Transition Time is at Hand!

The day began as many do, with follow up on issues that had been called in overnight and a review of my action list. Confident those issues were in good shape I focused my attention on a newly arrived email from the sales office that contained the latest statistics. Sure enough, the required percentage of lot transfers had been reached and critical mass attained. Transition Time was at hand!

Until now, the Homeowners Association was in an interim phase. Although populated by Member owners, the development remained under control of the Developer with a Board of Directors staffed by the Developer's representatives. All of that was about to change in a big way with the upcoming election of the first Homeowner Board.

I had for some time recognized this day would arrive and reflected on a past recommendation to the Developer Board. "Transition of the Association from Developer to Homeowner control is estimated to take place in 12-18 months. This timeframe should be adequate to provide for an orderly transition. I strongly recommend that the Board create a Transition Committee of Homeowners and work with it to educate and integrate interested homeowners gradually into the management and governance of the association".

I went on to explain that the Homeowner Transition Committee would have the opportunity to become familiar with the governing documents, budgets, architectural restrictions and other critical aspects of running the association. It would also provide the Developer Board a way to extinguish rumors and disseminate accurate and timely information. I concluded my pitch by offering that such a committee often includes folks that will ultimately run for election to Board positions at the transition election.

Although the Developer Board was somewhat apprehensive to allow Homeowners access to the inner workings of the association I was persuasive and the Transition Committee was born. I set about creating a structured process to provide meaningful educational opportunities to the committee. The process that resulted fostered frank and enlightening dialogue between the Developer Board and the Transition Committee that led to renewed trust and respect for each. It also provided me the opportunity to display my knowledge and managerial talents and show my future bosses what an asset I represented to the association. Most importantly, an orderly transition to Homeowner control was achieved.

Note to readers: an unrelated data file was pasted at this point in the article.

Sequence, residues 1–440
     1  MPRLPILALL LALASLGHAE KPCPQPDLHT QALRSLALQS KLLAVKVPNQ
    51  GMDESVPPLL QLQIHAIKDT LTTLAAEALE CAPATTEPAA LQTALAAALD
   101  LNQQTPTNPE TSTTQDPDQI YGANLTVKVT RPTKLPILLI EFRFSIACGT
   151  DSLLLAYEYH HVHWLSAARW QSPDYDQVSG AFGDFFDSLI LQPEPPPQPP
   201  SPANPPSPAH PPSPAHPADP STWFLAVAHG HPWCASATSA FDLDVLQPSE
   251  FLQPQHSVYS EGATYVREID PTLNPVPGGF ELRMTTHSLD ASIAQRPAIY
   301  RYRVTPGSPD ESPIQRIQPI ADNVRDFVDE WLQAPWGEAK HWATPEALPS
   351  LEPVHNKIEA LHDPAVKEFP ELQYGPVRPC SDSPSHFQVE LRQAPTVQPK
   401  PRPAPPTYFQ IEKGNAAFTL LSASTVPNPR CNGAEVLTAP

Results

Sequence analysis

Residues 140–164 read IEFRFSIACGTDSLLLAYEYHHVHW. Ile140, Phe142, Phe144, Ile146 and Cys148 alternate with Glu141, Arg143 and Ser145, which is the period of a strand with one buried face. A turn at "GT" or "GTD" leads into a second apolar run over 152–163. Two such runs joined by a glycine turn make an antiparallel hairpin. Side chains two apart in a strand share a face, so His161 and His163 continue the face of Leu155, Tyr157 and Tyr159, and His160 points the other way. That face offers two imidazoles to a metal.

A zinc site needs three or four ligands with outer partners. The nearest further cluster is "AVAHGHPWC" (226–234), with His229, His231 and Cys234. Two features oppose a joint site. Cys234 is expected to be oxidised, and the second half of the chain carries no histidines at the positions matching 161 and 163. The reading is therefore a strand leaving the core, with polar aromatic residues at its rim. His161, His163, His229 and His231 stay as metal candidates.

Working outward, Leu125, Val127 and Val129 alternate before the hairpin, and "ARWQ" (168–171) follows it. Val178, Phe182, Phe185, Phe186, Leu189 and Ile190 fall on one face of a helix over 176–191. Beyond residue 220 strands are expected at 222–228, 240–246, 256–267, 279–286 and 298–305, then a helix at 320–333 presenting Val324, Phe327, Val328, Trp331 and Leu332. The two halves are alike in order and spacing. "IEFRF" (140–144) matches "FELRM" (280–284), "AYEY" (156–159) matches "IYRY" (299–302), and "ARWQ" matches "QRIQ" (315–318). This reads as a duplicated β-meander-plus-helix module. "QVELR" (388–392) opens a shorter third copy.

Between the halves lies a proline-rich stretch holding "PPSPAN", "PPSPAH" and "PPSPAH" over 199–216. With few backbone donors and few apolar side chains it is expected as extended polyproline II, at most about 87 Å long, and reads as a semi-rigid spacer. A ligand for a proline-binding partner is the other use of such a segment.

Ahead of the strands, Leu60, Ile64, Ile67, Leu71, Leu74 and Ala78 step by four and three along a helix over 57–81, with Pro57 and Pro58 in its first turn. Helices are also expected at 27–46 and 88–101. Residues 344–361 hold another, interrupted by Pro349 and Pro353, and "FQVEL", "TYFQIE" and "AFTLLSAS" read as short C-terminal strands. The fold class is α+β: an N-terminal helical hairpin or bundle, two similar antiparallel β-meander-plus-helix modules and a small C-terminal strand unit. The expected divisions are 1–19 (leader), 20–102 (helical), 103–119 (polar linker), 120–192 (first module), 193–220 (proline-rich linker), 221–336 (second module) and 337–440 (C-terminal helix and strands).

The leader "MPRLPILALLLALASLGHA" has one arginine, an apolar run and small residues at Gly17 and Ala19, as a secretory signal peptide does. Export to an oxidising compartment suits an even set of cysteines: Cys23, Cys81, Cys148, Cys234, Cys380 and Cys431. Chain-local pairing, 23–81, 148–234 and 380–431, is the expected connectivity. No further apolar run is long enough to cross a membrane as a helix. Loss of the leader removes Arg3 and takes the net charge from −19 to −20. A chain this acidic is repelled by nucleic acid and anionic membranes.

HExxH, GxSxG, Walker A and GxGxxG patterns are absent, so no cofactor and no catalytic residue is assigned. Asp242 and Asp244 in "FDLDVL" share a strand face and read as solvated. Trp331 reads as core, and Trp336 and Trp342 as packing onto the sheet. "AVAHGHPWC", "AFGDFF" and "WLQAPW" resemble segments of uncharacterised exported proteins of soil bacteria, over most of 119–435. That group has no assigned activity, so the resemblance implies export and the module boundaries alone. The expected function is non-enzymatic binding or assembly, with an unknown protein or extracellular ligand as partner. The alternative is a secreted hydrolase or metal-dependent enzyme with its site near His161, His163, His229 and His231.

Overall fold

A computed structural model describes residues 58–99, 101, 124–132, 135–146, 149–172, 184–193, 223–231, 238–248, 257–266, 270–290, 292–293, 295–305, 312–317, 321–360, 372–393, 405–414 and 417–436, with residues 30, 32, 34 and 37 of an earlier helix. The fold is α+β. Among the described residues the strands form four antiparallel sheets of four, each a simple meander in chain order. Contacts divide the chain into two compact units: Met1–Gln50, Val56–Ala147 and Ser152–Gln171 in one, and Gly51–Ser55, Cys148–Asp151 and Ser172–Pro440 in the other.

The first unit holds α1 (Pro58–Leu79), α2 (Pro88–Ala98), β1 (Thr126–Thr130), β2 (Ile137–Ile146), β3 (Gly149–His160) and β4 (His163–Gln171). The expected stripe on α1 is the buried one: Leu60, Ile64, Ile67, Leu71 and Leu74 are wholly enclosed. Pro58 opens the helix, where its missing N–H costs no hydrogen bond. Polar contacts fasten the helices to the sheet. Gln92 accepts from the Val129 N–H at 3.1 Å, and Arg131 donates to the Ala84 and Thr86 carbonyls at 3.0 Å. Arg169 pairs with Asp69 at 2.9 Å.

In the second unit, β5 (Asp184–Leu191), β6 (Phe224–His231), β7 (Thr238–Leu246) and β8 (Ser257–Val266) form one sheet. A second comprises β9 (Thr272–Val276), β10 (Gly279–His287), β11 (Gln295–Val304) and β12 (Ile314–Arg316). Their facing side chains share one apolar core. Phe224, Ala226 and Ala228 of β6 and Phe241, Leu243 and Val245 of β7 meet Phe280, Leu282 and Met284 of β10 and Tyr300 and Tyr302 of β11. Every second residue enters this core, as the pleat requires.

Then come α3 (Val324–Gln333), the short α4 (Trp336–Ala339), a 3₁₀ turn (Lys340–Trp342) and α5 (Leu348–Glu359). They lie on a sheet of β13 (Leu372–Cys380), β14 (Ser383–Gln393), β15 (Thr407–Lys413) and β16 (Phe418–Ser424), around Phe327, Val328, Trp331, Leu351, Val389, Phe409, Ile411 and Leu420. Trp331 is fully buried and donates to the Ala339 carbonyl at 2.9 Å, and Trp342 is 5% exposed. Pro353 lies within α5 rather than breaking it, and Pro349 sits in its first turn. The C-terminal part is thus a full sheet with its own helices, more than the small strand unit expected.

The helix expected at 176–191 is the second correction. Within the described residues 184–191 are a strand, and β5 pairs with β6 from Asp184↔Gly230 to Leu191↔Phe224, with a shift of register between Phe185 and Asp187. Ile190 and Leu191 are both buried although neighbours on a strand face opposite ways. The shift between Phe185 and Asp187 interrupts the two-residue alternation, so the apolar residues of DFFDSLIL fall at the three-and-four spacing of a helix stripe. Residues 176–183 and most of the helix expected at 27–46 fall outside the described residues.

Since my first experience working with a Transition Committee fifteen years ago, I have worked to refine the curriculum and materials used during the training. What has evolved is an initial three-part program held on separate evenings that includes: 1) Community Governance, Fiduciary Duty, Good Business Judgment, 2) Financial Analysis, Budgets, Reserves, and 3) Insurance, Facilities Management. Association professionals and service providers are encouraged to take part and their presentations are integrated into the program. These professional meetings also include PowerPoint presentations and written materials that provide a great way to show off the talents of the managerial support staff. I now conduct this training on a rotating basis citywide.

Encouraging Participation and Recruiting Volunteers

Very often Associations experience a real problem with apathy from the Membership when it comes to leadership roles or volunteerism. What does it take to encourage participation in Association governance? These are common problems faced by many community associations. The extremely fast pace of everyday life is surely part of the problem. With personal schedules stretched thin why would anyone want to lend assistance to the Association?

Consider the following strategy:
  • To enlist volunteers, let Members know there is a real and ongoing need to prepare for the future leadership of the Association.
  • Assign meaningful tasks. The Transition Committee members should have a clearly defined scope of work that details what the objectives are, the period for results, and the financial resources available.
  • Remember to honor the efforts of ALL that have volunteered.
  • Award certificates of achievement at the annual Membership meeting.

Make sure to consider new Members in your recruitment drive. Take the opportunity to explain the governance structure of the Association, including the Transition Committee. Perhaps the new arrival has training or skills that would be of value to the Association.

My experience with Committees and Transition training represents some of the most rewarding work of my career. It is truly time well spent and has a long-lasting, positive impact on Developer/Homeowner/Manager relations.

Source: Association Times
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